The Falcons may have – once again – wholly ignored their lifeless defensive line through the draft. But as always, Dan Quinn made sure he snagged a cornerback taking two of them – Kendall Sheffield in the fourth round and Jordan Miller in the fifth. On the picks, Quinn said he expects both players to come in and contribute right away. They will have the opportunity, with only Desmond Trufant, Isaiah Oliver, and Damontae Kazee on the current roster competing for the starting spots, but which one should Falcons’ fans be the most juiced up for?
Sheffield was a guy the Falcons had their eyes on from the get-go, and they moved up to take the Ohio State product in the fourth round with the 111th pick. The 5’11”, 193-pound corner had a weird collegiate career. He initially committed to Alabama and went there as a freshman before transferring. After a year in JUCO, Sheffield was back on the big stage with the Buckeyes in Colombus.
The wrap with Sheffield isn’t too challenging to figure out. His size, speed, and physical attributes are what you see in the best NFL cornerbacks. He’s nearly six feet tall and 200 pounds with long arms to match up with bigger-bodied receivers at the line of scrimmage, but his most notable attribute is his speed. Sheffield didn’t get to finish his NFL Combine because of a torn pectoral muscle he suffered while doing the bench press. However, he has legitimate 4.3 speed, was a track star in high school and broke the Ohio State record with a 6.60 60-yard dash.
The problem with Sheffield is the flaws in his game are just as evident. His technique is all over the place. Sometimes he looks like an NFL caliber talent; sometimes it appears as if he has no idea what is going on. The ball skills are way behind the top corners that were taken in this year’s draft. Even with his speed, he can get beat deep due to poor technique. His feet allow him to recover, but he’s never able to turn and find the ball. Reminds me of a former Falcons cornerback who just found a new home in Arizona. Although, Sheffield has a slightly larger frame than Alford.
The goal here is simple: imagine Sheffield as a ball of elite clay, but it’s going to take a lot of molding from Dan Quinn and this staff for that clay to look like anything worth buying. Nonetheless, Sheffield could find himself playing as a rookie. Falcons’ fans should be well aware by now that if you’re fast and physical, especially at the corner position, you’re not too far away from being on the field under Dan Quinn. If Sheffield’s mechanics begin to catch up with his body, nothing is preventing him from being regarded as the best corner to come out of this draft.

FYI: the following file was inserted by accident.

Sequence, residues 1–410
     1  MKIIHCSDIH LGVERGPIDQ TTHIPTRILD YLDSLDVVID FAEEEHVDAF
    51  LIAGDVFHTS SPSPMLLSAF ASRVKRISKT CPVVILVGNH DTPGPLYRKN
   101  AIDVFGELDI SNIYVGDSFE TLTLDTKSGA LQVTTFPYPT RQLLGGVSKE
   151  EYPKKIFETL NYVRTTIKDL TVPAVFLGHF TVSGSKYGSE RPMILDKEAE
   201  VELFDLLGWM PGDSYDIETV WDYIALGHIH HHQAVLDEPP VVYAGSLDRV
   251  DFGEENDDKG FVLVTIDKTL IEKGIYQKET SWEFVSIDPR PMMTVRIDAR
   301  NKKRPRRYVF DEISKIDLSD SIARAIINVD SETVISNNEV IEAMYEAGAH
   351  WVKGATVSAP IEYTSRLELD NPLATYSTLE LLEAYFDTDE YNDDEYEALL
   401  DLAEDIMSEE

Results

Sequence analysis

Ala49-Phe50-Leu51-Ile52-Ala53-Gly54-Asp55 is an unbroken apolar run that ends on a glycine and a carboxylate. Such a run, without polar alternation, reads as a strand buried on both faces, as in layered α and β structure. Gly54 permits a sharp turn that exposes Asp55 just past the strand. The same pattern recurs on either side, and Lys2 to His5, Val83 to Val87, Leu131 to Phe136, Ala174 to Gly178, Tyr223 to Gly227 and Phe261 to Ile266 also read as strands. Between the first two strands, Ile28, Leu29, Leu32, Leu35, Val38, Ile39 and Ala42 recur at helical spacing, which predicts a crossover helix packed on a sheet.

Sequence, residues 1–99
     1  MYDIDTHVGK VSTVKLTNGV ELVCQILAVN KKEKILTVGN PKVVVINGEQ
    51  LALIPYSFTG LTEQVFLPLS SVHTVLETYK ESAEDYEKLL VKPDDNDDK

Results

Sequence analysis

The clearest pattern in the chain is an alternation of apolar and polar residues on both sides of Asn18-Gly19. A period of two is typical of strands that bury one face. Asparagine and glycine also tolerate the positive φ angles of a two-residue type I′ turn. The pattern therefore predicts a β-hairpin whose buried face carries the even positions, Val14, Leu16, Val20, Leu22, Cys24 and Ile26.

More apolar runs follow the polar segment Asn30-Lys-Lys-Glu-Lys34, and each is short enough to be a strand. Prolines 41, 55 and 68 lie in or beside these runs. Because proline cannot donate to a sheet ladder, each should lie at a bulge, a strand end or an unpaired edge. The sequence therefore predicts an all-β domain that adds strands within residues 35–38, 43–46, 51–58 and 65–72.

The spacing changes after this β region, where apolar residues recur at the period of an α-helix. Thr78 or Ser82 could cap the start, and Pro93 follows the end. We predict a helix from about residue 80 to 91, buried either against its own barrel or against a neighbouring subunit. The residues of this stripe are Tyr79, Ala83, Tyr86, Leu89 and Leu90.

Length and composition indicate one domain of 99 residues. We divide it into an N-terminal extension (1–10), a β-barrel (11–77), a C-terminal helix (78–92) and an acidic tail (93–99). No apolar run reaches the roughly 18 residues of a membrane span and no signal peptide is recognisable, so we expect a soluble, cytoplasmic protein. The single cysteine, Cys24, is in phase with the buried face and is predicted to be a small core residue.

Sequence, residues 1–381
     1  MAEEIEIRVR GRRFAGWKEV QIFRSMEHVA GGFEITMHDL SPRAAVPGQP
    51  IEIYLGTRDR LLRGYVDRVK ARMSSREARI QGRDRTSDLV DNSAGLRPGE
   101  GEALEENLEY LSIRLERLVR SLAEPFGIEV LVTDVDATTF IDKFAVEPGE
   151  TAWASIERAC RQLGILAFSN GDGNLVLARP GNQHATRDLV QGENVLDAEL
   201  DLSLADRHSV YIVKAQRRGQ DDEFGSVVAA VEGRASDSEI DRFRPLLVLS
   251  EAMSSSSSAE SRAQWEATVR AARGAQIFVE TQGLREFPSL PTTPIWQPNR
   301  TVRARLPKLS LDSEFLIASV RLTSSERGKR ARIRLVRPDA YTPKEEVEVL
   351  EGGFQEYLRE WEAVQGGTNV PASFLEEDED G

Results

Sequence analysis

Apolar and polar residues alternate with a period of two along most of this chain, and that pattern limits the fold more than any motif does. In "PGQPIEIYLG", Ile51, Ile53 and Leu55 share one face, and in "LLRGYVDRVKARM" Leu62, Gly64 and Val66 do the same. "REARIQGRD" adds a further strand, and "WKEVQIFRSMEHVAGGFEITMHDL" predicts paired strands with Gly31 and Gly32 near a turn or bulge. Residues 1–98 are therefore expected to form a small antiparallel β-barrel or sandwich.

Miller came into college as a lesser known three-star product out of San Diego. He committed to the University of Washington and was a four-year contributor for the Huskies, starting as both a junior and senior. Like Sheffield, and most fifth-round selections, Miller is going to be a project, but he does possess physical traits that cannot be easily replicated.
The Former Husky is an inch over six feet with long arms and big hands, making him an ideal fit for Dan Quinn’s press-happy scheme. Miller excelled in such situations in college, where he could utilize his length at the line of scrimmage to make things uncomfortable for receivers.
His most challenging hurdle at the next level will be getting stronger. Despite being 6’1″, Miller weighs 180 pounds soaking wet. As a result, he only recorded six reps of 225 on the bench press at the Combine. That’s not going to play in the NFL.
With that said, considering the advantages he will have available to him with the Falcons, I don’t see any reason why he would have problems putting on weight and adding muscle. It should be an open and closed case in that regard. If he puts in the work, he will be strong enough to compete. Another concern will be his speed. Miller barely ran a sub-4.5 at the Combine; which could become even slower as he adds weight.
The technique, balls skills, and fit are all there for Jordan Miller to become a contributing piece to this defense rather quickly. I actually think he’s more NFL-ready today than Sheffield is, as long as he’s not asked to make a one-on-one tackle in open space. The Falcons will be working all summer trying to get him bulked up in case they need him on the field as a rookie.